In fact his mother was in slavery and there orders by the Pharaoh to kill the newborn male children.


And Moses' mother used her ingenuity used her initiative her innovative and her creative skills to find a way to navigate her son  through slavery and oppression.


She didn't have a degree in political science, she never studied how to deal in nonviolent civil disobedience.


She didn't know nothing about Ghandhi's [philosophy and techniques].  


All she knew is she loved her son and she would do what she had to do to spare him and bring him through.


For three months she tried to keep him quiet.


She tried to deal with his crying and his screaming.


She didn't want them to hear him because they would come and kill him.


But when she could hide him no longer she got a basket and plotted with his sister that I'm going to put him in the Nile and put him in the hands of God and God will make a  way somehow.


And the sister followed the basket as it went to Pharaoh's house.


And when Pharaoh's daughter picked it up she said to her, "Do you want me to get somebody to take care of the child?"


"You can keep the child like it's yours. I can get one of the Israelites to take care of him."


And she went and got Moses' mama who raised him up in Pharaoh's house.


They thought they were raising an heir but they were raising a liberator, they were raising a freedom fighter.


His mama raised him up in Pharaoh's house to be the one to tell Pharaoh to "Let My People Go!"


Our mothers had to put us in baskets.


Some baskets had food stamps.


Some baskets had welfare.


Some baskets had bad schools.


But they were trying to get us around Pharaoh.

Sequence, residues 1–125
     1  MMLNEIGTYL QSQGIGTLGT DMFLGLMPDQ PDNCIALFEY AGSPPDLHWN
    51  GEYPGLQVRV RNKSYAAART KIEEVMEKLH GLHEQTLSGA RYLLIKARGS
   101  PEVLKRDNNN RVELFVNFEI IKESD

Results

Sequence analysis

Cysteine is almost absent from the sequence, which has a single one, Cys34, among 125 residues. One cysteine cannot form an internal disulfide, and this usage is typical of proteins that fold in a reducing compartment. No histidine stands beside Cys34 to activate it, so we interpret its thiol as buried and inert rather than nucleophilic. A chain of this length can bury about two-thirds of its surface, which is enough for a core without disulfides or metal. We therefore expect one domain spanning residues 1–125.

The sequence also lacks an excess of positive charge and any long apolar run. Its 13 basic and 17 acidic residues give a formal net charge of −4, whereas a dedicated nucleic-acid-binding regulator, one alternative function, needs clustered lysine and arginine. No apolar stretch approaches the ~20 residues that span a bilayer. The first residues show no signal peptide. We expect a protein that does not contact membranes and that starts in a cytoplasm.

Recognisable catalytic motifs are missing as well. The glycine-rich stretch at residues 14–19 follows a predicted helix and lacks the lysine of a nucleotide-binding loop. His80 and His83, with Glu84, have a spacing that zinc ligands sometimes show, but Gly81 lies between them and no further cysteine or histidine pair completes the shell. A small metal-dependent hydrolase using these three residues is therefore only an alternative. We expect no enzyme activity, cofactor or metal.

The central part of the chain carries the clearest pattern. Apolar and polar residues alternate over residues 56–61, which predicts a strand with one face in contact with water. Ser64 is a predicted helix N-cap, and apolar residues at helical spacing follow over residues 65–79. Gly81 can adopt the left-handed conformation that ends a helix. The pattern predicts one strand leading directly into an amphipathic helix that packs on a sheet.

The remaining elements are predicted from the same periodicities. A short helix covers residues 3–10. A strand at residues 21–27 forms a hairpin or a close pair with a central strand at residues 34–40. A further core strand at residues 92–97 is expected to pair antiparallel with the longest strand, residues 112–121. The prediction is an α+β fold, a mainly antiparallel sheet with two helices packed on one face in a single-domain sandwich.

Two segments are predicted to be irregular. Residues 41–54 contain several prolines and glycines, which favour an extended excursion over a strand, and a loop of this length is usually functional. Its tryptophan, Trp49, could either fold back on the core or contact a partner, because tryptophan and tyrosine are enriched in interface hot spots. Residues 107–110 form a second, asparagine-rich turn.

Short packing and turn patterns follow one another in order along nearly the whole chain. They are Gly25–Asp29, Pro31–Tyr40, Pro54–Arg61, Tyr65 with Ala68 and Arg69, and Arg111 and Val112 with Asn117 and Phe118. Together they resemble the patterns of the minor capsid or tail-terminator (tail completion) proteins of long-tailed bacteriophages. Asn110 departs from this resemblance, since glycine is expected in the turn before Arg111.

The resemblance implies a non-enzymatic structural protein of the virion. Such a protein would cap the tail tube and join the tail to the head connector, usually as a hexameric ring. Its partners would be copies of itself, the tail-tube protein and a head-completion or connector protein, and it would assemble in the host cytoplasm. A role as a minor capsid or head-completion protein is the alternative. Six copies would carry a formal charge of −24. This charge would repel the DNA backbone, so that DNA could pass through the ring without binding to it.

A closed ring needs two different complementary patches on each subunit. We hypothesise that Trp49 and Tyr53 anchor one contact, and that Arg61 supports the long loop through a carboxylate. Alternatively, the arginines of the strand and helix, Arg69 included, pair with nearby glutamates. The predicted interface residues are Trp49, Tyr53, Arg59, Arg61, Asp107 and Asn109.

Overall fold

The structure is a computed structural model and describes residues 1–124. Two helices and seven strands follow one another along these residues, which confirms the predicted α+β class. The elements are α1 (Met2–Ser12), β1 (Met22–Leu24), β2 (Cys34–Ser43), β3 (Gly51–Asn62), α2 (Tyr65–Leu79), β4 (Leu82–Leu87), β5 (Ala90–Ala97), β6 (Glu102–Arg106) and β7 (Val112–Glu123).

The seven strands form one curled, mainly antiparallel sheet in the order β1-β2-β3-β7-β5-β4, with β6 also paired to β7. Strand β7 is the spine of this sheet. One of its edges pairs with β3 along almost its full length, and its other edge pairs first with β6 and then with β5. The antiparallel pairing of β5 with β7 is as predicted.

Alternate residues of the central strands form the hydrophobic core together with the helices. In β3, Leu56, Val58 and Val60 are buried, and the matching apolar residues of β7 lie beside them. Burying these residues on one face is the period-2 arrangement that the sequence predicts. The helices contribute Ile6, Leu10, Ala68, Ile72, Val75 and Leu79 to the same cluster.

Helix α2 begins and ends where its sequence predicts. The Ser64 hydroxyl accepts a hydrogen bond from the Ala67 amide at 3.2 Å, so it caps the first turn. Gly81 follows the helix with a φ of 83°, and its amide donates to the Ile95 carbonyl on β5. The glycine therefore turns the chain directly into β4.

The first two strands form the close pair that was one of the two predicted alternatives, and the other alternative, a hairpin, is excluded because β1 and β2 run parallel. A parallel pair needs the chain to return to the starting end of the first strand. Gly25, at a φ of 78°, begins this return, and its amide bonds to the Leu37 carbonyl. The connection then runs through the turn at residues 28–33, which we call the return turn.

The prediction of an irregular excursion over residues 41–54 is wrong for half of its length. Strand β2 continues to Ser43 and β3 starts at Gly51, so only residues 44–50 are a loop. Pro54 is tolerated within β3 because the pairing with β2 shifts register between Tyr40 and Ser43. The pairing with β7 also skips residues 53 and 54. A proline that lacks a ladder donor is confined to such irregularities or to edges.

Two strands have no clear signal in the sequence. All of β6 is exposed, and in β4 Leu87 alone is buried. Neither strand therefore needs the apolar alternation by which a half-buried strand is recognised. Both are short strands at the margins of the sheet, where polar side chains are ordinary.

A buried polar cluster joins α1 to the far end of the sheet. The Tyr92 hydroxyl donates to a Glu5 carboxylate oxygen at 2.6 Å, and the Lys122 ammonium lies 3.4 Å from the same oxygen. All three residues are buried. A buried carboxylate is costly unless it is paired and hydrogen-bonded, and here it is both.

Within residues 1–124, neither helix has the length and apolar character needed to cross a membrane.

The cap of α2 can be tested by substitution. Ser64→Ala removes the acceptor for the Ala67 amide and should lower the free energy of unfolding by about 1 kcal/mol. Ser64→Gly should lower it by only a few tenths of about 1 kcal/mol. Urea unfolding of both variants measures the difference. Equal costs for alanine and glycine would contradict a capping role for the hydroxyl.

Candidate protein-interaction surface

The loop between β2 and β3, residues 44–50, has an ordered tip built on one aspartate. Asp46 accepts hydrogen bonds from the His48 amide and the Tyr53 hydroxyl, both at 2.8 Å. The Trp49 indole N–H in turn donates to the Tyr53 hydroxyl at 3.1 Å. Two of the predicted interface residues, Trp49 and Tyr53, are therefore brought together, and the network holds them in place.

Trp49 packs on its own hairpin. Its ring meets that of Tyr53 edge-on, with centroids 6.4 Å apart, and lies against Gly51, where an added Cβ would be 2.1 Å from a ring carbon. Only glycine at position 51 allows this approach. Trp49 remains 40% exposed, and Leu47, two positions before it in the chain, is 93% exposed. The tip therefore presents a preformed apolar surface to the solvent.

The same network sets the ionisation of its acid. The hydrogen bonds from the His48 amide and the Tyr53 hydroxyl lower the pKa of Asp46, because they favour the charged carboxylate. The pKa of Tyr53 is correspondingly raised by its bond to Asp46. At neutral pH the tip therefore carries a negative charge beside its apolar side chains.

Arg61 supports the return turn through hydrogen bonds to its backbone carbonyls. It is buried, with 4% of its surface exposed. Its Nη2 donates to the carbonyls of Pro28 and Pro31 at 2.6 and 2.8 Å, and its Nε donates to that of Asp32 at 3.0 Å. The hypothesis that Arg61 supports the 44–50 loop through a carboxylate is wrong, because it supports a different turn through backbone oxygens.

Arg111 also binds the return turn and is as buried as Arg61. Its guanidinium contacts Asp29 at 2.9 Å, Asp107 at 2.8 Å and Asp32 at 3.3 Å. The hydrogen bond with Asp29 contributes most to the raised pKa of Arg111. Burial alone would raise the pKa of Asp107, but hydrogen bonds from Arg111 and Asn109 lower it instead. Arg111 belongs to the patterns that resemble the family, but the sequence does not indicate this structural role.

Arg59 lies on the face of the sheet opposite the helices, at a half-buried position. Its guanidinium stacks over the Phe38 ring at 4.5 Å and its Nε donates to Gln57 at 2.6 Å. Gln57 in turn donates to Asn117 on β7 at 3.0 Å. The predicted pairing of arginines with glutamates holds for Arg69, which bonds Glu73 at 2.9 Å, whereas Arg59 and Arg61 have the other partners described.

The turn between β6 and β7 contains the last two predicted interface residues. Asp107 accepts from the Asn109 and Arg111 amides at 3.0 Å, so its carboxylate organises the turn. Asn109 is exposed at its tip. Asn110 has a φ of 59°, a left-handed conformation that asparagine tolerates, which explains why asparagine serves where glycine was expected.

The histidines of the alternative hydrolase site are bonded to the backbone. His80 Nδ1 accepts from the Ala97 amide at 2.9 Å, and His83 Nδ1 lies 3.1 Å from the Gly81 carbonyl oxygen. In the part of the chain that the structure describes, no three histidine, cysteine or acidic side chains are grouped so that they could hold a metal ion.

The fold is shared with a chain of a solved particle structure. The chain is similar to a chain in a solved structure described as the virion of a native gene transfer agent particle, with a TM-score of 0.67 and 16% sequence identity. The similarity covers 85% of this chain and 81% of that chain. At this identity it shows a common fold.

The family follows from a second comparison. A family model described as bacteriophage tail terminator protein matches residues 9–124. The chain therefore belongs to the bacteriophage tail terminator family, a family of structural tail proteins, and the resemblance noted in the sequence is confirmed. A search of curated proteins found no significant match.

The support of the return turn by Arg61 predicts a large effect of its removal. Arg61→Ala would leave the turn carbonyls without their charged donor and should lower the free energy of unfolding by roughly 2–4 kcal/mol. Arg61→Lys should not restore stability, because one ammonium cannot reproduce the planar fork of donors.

But they found a way to raise us up where we went from the back of the bus to the front of the White House.


Our mothers raised us under the heel of oppression, under the stamps of apartheid.


They beat Jim Crow.


They beat racism.


They beat bias and bigotry.


Our mothers is like Moses' mother.


They made a way out of no way.


Stand up Black woman!


You did your job!


Thank you Ada Sharpton!


You made a way out of no way.


We walk with our heads high, with our shoulders back.


We ain't got no shame in our game.


You fought a good fight.


You fought a good fight!


Eighty seven years.


You kept the Faith!


You finished your course.


Your children are grown now.


We can stand on our own two legs and tell Pharaoh "Let our people go!"


Pharaoh, free Trayvon!


Pharaoh, deal with Ramarley Graham!


Pharaoh, our mothers raised us in baskets so we can look at you eyeball to eyeball.


We won't back down.


We won't bend.


We won't bow.


We won't sell out.


We won't back down.


This is our day.


This is our time.


I am,


I am,


I am my mother's son!


Call me Trayvon!


Call me Trayvon!


Call me Trayvon!









You may listen here to an audio recording of a Relevant & Timely Message,



or view the complete address in the the archives of the National Action Network



Return to top








A Leading African American Heritage Resource.



Return to top




Re-visit our Intro pages // Welcome // Celebrating Diversity // Facilitating Education
Wake Up Call // "S.O.S."! // Choices // 21st Century Signs of the Times









Quality Web Sites


Eight Cities Media & Publications